Investigators collected information on demographics (date of birth, ethnicity, education, occupation, and income), previous obstetric history and past or current risk factors (tobacco, alcohol and recreational drug use, concurrent medications), results of any prenatal testing and the pregnancy outcomes, including all birth characteristics, at the prenatal consultations or at birth for the women enrolled while still pregnant. For women enrolled after delivery, this information was extracted from the medical records. Information from the pediatric 3 month visit was requested to identify any congenital malformations not detected at birth.
All data were collected on site via electronic data capture. Serious adverse events (SAEs) were also collected separately throughout the study and reconciled with the study outcomes, thereby providing an additional level of data verification for most outcomes of interest. Source documentation was verified for all study outcomes.
A/H1N1 vaccination of pregnant women occurred in November and December 2009 in The Netherlands, between October and December 2009 in Italy, and between February and August 2010 in Argentina. Each woman was asked following enrollment whether and when she had received the MF59-adjuvanted A/H1N1 vaccine. This information was confirmed by either asking the vaccination centers to confirm the vaccination from their records or by examining the vaccination cards. If no such confirmation could be obtained, we followed the pregnant woman’s recollection.
The 3 groups of outcomes of interest were pregnancy-related diseases (preeclampsia, gestational diabetes, and maternal death), pregnancy outcomes (spontaneous or induced abortions, stillbirth, or live birth), and birth outcomes (birthweight, prematurity, congenital malformations, and neonatal death). Abortions were considered as losses before 22 weeks of gestation. Congenital malformations were considered only if confirmed following examination of an aborted pregnancy or stillborn child or in a live-born baby at birth or at the 3 month pediatric visit. Each congenital malformation was also reported as an SAE, which included a detailed narrative.
These reports were reviewed and adjudicated by an expert panel, blinded to the vaccination status. Malformations were retained if the diagnosis provided is listed in the European Surveillance of Congenital Anomalies (EUROCAT) guidelines as a congenital anomaly or if the information provided sufficed to so classify it as such. Cases with a malformation with insufficient information to determine whether it met EUROCAT criteria (eg, hemangioma with unknown location) were conservatively retained. Malformations diagnosed prenatally before vaccination and chromosomal malformations were excluded from the analyses. Outcomes were recorded from time of vaccination in the vaccinated cohort and from the time of enrollment in the unvaccinated cohort recruited during pregnancy and from the whole antenatal care record for the unvaccinated cohort recruited after delivery.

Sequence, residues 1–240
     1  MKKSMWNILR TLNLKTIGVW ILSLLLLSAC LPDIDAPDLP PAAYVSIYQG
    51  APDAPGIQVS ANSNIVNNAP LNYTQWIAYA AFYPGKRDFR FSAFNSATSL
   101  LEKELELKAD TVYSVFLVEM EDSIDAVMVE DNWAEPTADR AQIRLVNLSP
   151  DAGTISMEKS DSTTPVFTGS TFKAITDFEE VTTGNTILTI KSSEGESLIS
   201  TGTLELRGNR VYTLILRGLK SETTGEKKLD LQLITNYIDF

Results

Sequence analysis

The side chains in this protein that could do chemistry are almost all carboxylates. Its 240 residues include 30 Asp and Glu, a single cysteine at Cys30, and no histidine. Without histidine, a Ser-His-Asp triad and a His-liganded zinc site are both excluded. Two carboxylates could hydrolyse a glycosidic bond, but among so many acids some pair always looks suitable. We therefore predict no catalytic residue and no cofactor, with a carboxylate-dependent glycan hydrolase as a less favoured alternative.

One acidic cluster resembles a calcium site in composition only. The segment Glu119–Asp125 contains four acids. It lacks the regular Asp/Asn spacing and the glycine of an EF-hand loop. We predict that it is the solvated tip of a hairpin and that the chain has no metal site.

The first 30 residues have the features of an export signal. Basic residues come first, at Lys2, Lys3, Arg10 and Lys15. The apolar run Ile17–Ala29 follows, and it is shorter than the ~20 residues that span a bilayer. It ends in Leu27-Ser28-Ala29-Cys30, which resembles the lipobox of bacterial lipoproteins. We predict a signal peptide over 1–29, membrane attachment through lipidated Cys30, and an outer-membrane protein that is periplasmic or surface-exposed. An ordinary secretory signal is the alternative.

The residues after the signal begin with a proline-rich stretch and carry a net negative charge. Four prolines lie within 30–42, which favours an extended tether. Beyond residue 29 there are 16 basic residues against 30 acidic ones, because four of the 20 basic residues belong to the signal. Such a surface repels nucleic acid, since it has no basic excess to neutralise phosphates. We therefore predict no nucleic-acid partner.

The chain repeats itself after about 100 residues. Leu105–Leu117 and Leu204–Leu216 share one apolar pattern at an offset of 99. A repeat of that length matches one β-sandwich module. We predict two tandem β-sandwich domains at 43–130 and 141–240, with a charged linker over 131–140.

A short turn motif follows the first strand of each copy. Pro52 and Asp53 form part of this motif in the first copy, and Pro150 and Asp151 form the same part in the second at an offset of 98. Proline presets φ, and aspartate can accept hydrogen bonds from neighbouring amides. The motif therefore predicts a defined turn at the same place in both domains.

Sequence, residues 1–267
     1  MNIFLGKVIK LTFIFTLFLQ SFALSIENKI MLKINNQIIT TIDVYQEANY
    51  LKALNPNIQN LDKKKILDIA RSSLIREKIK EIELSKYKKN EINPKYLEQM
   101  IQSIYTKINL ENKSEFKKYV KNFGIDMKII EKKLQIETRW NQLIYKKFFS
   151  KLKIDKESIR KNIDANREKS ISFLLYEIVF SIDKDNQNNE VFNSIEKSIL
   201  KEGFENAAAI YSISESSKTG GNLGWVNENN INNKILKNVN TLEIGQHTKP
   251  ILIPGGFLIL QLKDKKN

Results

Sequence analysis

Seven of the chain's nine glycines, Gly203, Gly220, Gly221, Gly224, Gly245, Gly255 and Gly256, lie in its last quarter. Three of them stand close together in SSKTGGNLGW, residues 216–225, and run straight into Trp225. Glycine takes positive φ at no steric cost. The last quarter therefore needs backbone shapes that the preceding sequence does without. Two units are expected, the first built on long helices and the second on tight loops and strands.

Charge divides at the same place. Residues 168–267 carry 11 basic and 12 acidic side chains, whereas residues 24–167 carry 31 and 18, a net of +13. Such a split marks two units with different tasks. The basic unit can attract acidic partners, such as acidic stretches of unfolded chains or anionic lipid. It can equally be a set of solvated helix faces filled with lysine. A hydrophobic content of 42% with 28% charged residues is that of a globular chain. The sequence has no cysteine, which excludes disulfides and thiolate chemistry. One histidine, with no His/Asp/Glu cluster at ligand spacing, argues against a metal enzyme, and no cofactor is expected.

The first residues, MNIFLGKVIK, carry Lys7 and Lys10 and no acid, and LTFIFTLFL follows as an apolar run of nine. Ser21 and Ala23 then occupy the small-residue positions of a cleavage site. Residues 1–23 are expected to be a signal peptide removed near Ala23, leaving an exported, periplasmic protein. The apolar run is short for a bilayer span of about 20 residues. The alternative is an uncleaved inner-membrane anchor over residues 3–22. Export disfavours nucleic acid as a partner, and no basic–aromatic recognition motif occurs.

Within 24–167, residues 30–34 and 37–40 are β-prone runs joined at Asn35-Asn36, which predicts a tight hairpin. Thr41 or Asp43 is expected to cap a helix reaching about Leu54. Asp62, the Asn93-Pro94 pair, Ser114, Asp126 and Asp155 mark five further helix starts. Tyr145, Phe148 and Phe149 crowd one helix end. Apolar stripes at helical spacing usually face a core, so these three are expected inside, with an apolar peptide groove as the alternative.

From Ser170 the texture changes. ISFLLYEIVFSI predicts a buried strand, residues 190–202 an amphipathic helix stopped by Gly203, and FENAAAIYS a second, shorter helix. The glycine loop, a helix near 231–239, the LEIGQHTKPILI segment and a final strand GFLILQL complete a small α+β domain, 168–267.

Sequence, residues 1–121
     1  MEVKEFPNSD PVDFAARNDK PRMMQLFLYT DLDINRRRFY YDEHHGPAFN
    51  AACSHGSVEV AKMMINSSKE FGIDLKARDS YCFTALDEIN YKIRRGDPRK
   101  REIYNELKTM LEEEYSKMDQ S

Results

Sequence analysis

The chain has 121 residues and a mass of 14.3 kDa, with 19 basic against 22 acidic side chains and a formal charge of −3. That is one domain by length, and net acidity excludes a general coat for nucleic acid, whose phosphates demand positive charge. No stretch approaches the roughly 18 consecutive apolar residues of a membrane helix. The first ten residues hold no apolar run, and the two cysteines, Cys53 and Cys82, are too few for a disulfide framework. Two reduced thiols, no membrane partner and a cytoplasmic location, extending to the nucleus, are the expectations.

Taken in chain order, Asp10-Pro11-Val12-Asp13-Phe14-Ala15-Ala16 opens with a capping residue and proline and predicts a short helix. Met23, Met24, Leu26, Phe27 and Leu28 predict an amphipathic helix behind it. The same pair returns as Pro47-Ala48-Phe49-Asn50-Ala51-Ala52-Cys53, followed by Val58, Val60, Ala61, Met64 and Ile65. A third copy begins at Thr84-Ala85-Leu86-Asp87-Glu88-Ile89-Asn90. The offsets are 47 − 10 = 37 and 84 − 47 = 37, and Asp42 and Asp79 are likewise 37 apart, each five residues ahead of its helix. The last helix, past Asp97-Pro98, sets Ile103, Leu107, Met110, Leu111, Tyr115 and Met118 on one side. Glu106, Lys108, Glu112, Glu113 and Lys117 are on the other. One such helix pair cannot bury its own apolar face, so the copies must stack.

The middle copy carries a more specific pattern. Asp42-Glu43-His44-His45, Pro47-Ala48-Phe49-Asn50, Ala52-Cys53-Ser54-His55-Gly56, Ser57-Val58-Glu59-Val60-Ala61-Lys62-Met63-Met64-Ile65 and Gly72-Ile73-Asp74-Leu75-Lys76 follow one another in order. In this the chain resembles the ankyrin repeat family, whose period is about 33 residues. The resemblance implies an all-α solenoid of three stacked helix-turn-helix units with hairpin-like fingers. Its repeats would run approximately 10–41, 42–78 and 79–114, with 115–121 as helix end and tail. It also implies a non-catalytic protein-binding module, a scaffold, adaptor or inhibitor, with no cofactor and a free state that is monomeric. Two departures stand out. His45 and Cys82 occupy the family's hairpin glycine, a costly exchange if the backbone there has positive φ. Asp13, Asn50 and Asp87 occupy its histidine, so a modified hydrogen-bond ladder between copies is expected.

A 2% background rate of major birth defects, as observed in The Netherlands, was assumed for the sample size calculation. Based on a 2 group χ 2 test with normal approximation at the 5% significance level (2 sided), 2434 evaluable pregnancies would provide 80% power to detect a doubling of the background rate (ie, anticipated rate in unvaccinated cohort). To allow for approximately 15% of pregnancies being nonevaluable for the assessment of major birth defects and assuming a 25% loss to follow-up, 4056 subjects needed to be enrolled.
All analyses were performed using SAS version 9.1 (SAS Institute, Inc., Cary, NC). We used logistic regression models to estimate the odds ratios associated with vaccination for all outcomes. The differences in initiation points for the data collection combined with the timing of the vaccination in pregnancy resulted in a differential follow-up time between the vaccinated and unvaccinated cohort. To account for this differential follow-up time and for the fact that the occurrence of most outcomes depends on the gestational age, we also used proportional hazard (PH) models with gestational age as the time factor for all outcomes except congenital malformations. For these PH models, we imputed the date of the last menstrual period (LMP) from the date of delivery for 10% of women who did not report their LMP and for 7% for whom the reported LMP was considered erroneous as it suggested a pregnancy of more than 42 weeks.
We provide results of both the logistic regression models that use the most complete data and the proportional hazard models that adjust for the differential follow-up time. We also ran the PH models without the women with missing or erroneous LMPs in a sensitivity analysis to assess the potential impact of the LMP imputation. A small proportion of women dropped out from the PH models because of missing vaccination dates (6%) or missing onset dates of the outcome (1%). We adjusted the estimates for all outcomes on parity, smoking, and maternal age.